Chapter Summary: Fastlane Distinctions

  • Not all businesses are the right road. Few roads move at, through, or near the Law of Effection.
  • The best roads and the purest Fastlanes satisfy the Five Fastlane Commandments: Need, Entry, Control, Scale, and Time.


What do we live for, if not to make life less difficult for each other? ~ George Eliot

Chapter 30 Quotes and Highlights

  • Ninety percent of all new businesses fail within five years, and I know why they fail. They fail because they fail the Commandment of Need.
  • Businesses that violate the Commandment of Need either belong to the 90% failure category or masquerade as a job.
  • Businesses that solve needs win. Businesses that provide value win. Businesses that solve problems win profits. Selfish, narcissistic motives do not make good, long-term business models.
  • People care about what your business can do for them. How will it help them? What’s in it for them? Will it solve their problem? Make their life easier? Provide them with shelter? Save them money? Educate them? Make them feel something? Tell me, why on God’s green Earth should I give your business money? What value are you adding to my life?
  • To succeed as a producer, surrender your own selfishness and address the selfishness of others.
  • Stop thinking about business in terms of your selfish desires, whether it’s money, dreams or “do what you love.” Instead, chase needs, problems, pain points, service deficiencies, and emotions.
  • You and your business attract money when you stop being selfish and turn your business’s focus from the needs of yourself to the needs of other people. Give first, take second. Needs come first, not money! Needs precede money! Engage the marketplace with your own selfish need and my bet is placed on your failure.
  • Money isn’t attracted to selfish people. It is attracted to businesses that solve problems. It’s attracted to people who fill needs and add value. Solve needs massively and money massively attracts.
  • The Fastlane allowed money to be removed from the equation. Now, I don’t need to get paid to “do what I love.” I just do it. In other words, money led to “do what you love,” it didn’t follow. How’s that for irony?
  • when supply exceeds demand (need) prices move down. Not enough need, too much supply.
  • You need a passion for something greater. It is different for everybody, but when you find it, you will do anything for it.
  • “No passion” leads to mediocrity and the land of everybody. “No passion” leads to unhappiness. “No passion” equals no wealth.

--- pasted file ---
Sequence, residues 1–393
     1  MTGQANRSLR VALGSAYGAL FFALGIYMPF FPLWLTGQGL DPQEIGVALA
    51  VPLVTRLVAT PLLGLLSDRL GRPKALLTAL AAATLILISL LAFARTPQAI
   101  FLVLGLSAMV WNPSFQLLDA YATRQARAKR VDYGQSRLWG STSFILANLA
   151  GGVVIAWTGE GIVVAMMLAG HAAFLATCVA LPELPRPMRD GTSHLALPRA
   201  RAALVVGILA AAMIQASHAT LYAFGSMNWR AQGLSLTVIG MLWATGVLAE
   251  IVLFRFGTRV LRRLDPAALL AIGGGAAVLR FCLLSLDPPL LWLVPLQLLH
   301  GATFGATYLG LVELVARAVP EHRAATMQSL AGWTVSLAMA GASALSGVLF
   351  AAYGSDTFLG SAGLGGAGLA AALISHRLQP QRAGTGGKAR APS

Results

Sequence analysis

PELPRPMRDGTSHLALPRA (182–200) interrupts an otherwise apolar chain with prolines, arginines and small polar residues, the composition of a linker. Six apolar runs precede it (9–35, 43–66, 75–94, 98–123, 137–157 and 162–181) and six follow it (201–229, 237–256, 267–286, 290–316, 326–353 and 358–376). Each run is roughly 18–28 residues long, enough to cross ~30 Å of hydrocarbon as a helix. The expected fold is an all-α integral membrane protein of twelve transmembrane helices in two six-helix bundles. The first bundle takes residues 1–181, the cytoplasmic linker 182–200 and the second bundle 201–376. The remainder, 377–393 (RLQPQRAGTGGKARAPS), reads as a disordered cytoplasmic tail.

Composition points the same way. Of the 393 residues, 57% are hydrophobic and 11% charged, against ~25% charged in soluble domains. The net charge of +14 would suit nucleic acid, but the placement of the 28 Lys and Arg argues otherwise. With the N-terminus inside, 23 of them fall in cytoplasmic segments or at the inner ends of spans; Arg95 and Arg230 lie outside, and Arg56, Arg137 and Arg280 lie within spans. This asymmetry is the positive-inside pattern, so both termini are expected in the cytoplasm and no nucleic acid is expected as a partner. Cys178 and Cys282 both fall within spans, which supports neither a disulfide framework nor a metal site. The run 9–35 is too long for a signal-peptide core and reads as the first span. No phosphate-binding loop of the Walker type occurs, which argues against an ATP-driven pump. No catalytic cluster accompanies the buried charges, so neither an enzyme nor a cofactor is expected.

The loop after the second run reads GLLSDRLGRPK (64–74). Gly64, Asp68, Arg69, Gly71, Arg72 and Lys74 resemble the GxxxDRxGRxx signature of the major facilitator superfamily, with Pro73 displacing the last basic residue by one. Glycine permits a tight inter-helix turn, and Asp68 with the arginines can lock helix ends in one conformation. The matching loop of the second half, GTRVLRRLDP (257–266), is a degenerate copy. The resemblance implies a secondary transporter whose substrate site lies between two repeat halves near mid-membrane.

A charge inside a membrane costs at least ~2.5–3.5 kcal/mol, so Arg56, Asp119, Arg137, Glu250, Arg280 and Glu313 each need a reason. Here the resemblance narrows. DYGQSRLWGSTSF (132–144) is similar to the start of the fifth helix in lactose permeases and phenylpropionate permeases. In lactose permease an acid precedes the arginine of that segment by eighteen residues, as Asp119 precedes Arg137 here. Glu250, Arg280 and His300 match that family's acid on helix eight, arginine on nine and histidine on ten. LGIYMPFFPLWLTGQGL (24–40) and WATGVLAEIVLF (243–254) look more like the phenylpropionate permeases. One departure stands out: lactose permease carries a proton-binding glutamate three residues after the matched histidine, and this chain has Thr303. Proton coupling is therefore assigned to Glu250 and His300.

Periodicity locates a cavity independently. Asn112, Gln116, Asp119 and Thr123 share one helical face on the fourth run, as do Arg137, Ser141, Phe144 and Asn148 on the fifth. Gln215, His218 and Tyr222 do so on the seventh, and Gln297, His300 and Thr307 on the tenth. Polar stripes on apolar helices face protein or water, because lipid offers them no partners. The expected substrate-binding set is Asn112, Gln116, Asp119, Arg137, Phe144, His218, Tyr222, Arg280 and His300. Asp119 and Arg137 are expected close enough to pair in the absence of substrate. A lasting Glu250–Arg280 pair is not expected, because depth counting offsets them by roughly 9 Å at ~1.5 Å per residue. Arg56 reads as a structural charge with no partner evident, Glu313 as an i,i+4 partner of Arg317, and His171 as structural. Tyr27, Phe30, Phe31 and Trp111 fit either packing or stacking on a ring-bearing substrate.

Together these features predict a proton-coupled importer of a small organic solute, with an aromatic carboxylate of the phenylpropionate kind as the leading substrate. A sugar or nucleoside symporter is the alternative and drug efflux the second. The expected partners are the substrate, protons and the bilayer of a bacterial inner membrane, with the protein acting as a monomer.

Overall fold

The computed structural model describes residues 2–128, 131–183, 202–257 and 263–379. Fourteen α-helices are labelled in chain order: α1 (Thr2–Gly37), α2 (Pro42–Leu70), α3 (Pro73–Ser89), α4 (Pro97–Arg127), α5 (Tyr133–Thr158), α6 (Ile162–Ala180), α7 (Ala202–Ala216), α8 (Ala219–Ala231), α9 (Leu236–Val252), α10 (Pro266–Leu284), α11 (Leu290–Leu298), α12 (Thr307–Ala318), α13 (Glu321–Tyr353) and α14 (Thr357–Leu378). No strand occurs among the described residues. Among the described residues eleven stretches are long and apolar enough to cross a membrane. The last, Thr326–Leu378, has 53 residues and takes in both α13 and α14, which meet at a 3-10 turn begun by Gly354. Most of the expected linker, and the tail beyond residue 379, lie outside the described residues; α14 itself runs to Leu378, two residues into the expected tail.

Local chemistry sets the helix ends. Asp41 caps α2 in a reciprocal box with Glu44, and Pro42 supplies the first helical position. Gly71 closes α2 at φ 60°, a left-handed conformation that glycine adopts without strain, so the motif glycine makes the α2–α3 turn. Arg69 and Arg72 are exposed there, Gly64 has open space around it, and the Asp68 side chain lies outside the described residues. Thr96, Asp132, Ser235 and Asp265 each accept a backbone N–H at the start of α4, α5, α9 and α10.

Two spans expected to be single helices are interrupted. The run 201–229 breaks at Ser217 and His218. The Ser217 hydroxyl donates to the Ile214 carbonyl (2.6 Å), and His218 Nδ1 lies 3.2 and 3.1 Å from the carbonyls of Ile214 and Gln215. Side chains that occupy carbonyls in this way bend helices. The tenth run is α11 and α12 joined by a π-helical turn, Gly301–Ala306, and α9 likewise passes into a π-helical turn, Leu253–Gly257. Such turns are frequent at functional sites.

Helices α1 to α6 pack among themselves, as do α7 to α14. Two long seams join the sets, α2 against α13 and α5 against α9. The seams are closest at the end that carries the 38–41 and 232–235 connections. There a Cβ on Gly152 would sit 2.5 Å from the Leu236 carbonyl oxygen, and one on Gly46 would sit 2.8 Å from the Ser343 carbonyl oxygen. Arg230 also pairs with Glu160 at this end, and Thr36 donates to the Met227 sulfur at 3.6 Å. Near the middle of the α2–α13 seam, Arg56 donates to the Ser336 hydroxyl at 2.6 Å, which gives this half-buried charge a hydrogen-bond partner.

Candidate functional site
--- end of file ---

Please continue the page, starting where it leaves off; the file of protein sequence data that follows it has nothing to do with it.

• Passion comes from either excitement or discontent.

Chapter Summary: Fastlane Distinctions

  • The Commandment of Need states that businesses that solve needs win. Needs can be pain points, service gaps, unsolved problems, or emotional disconnects.
  • Ninety percent of all new businesses fail because they are based on selfish internal needs, not external market needs.
  • No one cares about your selfish desires for dreams or money; people only want to know what your business can do for them.
  • Money chasers haven’t broken free from selfishness, and their businesses often follow their own selfish needs.
  • People vote for your business with their money.
  • Chase money and it will elude you. However, if you ignore it and focus on what attracts money, you will draw it to yourself.
  • Help one million people and you will be a millionaire. For money to follow
  • “Do what you love,” your love must solve a need and you must be exceptional at it. “Do what you love” sets the stage for crowded marketplaces with depressed margins.
  • When you have the financial resources, you can “do what you love” and not get paid for it, nor do you have to be good at it.
  • Slowlaners feed “do what you love” with “do what you hate.” Five days of hate for two days of love. “Doing what you love” for money can endanger your love. Passion for an end goal, a why, drives Fastlane success.
  • Having a passionate “why” can transform work into joy.
  • “Doing what you love” usually leads to the violation of the Commandment of Need.
  • The right road for you is one that will converge with your dreams.


Our plans miscarry because they have no aim. When a man does not know what harbor he is making for, no wind is the right wind. ~ Seneca

Chapter 31Quotes and Highlights

“In a gold rush, don’t dig for gold, sell shovels!”

Chapter Summary: Fastlane Distinctions

  • The Commandment of Entry states that as entry barriers fall, competition rises and the road weakens.
  • Easy access roads carry more traffic. More traffic generates higher competition, and higher competition creates lower margins for the participants.
  • Businesses with weak entry often lack control and operate in saturated marketplaces.
  • Exceptionalism is required to overcome weak entry barriers.
  • Access to a business road should be a process with a toll, not an event.
  • “Everyone” consists of the general populous and is served by the mainstream media.
  • If everyone were wealthy, “everybody is doing it” would work. And if everyone is wealthy, then no one is wealthy.
  • “Everyone is doing it” is a signal to overbought conditions and the entrance of “dumb money.”


There is no dependence that can be sure but a dependence on one’s self. ~ John Gay

Chapter 32 Quotes and Highlights

  • A business hitchhiker seeks refuge from risk and cowers within the confines of a matriarchal organization. This subservient relationship renders a loss of control and leaves you vulnerable to the actions of the driver. When you control your business, you control everything in your business—your organization, your products, your pricing, your revenue model, and your operational choices.